A 61-year-old resident of the Minneapolis Veterans Home obtained illicit doses of methadone last year and died of a subsequent overdose, according to state investigators who have cited the home for negligent care.

The resident, identified by relatives as Gerald Bain, was found dead in his room on Feb. 15, 2012, along with empty and unlabeled medication bottles.

Bain, an Air Force veteran from the Vietnam era, was also an employee of the home and was a popular fixture at its coffee shop. Bain suffered from chronic back pain, according to his mother, Elaine Bain, who said his back “was killing him all the time.”

A state Health Department investigation released this week found that staff members failed to monitor Bain’s pain-management needs adequately. An autopsy found that he died of acute methadone toxicity.

The incident reopens questions about patient care and management of the Minneapolis home, which was opened in 1887 for Civil War veterans. The home was cited a decade ago for multiple cases of medical errors and abusive and demeaning treatment of residents. In 2007, Gov. Tim Pawlenty moved authority for the system of five state-owned veterans homes from an independent board to the state Department of Veterans Affairs, with oversight from a new health care advisory council.

In late 2011, the state’s supervisor for nursing home inspections concluded that the Minneapolis home had made dramatic improvements in resident care.

In a statement issued Thursday, Michael Gallucci, deputy commissioner of veterans health care, said the home was taking steps to address the case.

“After this incident, the home created and implemented a thorough corrective action plan focused on reviewing and revising the medication self-administration policy to include more frequent checks and medication reassessments,” he said.

Advisory council member Dennis Johnson, who was appointed by Gov. Mark Dayton last year, said that he could not comment on the latest investigation but that he believes the veterans home system had made improvements.

“A lot of those concerns have been addressed and my sense is that things are operating pretty smoothly,” Johnson said. “Of course, there are always things that come up when you are dealing with health care and seniors. Things happen from time to time, but my sense is that it is substantially better than it was five, six, seven years ago.”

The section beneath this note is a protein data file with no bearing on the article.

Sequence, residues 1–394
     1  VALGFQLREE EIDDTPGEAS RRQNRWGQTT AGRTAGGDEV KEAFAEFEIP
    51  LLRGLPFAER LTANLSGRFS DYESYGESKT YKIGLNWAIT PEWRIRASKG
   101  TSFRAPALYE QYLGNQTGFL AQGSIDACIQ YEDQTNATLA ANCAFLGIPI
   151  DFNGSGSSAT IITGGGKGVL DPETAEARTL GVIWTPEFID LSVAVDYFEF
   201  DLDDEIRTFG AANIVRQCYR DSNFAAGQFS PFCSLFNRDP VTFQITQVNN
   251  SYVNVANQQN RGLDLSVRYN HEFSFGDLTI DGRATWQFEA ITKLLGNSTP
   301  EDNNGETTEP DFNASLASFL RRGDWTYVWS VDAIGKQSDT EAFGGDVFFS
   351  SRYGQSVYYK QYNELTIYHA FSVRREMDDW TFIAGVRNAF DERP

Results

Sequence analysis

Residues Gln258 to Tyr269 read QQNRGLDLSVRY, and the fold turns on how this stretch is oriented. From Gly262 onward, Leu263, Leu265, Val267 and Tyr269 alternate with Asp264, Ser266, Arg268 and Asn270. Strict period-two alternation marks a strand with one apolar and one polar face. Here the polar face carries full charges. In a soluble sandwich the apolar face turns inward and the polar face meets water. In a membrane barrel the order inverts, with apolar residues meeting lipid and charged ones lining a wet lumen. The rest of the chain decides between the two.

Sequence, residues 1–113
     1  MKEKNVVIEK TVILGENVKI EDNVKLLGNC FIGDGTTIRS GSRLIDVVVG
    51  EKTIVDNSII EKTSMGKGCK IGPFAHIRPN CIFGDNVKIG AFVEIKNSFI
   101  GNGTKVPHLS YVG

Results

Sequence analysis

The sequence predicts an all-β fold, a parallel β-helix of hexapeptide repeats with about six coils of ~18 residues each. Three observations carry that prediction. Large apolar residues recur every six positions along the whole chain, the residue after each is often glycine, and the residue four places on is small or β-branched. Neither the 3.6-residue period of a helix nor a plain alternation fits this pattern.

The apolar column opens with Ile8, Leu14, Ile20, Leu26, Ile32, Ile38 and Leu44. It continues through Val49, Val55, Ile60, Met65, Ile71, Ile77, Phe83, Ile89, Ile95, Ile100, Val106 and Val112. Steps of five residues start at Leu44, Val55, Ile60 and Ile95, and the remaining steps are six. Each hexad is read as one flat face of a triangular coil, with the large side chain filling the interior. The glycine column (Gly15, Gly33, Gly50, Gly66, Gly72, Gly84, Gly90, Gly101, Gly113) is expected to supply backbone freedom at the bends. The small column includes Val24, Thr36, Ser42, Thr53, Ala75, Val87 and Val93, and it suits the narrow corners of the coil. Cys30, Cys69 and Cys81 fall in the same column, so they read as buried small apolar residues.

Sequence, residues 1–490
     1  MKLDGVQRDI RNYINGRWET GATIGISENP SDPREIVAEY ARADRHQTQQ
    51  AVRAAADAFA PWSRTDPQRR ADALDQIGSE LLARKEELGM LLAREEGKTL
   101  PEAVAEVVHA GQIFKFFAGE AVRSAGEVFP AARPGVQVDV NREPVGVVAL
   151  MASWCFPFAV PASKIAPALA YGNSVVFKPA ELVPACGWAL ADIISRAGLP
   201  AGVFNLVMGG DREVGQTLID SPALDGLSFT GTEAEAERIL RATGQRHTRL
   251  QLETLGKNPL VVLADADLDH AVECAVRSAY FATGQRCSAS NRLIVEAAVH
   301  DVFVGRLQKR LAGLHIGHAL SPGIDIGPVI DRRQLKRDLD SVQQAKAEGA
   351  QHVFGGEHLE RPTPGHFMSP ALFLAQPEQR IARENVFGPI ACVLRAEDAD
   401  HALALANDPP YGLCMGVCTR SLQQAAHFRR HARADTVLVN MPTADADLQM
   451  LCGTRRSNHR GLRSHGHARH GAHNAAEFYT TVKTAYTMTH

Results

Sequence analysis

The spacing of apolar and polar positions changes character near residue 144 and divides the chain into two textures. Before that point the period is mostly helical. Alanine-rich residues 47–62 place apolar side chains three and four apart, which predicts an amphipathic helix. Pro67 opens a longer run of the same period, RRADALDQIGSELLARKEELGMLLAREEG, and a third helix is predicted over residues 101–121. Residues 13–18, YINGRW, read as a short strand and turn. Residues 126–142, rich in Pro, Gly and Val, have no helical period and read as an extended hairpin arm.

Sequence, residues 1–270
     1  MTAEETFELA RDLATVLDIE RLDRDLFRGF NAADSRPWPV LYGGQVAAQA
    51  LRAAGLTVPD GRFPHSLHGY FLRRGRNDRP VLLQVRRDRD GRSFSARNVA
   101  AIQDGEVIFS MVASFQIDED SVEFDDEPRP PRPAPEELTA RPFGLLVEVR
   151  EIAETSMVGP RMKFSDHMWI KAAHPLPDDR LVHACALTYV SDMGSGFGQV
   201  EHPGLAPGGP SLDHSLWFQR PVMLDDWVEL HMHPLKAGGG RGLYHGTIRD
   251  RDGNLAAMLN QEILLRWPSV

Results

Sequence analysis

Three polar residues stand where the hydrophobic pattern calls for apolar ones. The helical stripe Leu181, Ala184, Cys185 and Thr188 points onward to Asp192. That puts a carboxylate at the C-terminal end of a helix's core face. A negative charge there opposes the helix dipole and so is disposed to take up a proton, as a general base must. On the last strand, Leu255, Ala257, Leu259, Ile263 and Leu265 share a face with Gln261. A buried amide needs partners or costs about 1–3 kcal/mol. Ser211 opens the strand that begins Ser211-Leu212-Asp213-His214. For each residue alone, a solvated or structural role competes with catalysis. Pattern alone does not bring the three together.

Report found irregularities

In the report released this week, investigators concluded that the home’s staff found on Feb. 10, 2012, that Bain was not taking his anti-anxiety medication, was taking too much of a prescribed painkiller and also that he had numerous unprescribed medications in his room.

Despite these irregularities, the home’s staff failed to reassess his ability to take medication on his own, the report added. Five days later, he overdosed and died.

Veterans Affairs spokeswoman Anna Long explained that he lived under the home’s domiciliary program, which allowed for a “more independent” life than most others at the residence. The home’s 50 domiciliary residents can come and go as they please and have other freedoms, Long said. Skilled nursing care is given to the facility’s other 341 residents, she said.

Methadone is used to treat moderate to severe pain and is better known as a treatment for addiction to heroin and other opiates.

Volunteers adored him

Elaine Bain said that her son moved into the home 10 years before his death and that he began working at the coffee shop right away.

“The women volunteers thought the world of him,” she said. “I think he sneaked them a cup of coffee every now and then.”

Elaine Bain said she had just received a valentine in the mail from her son and was planning to call him that day to thank him for the gesture.

“I sure miss him,” she said. “He used to call every morning. I still wait for that phone to ring.”


Staff writer Mark Brunswick contributed to this story.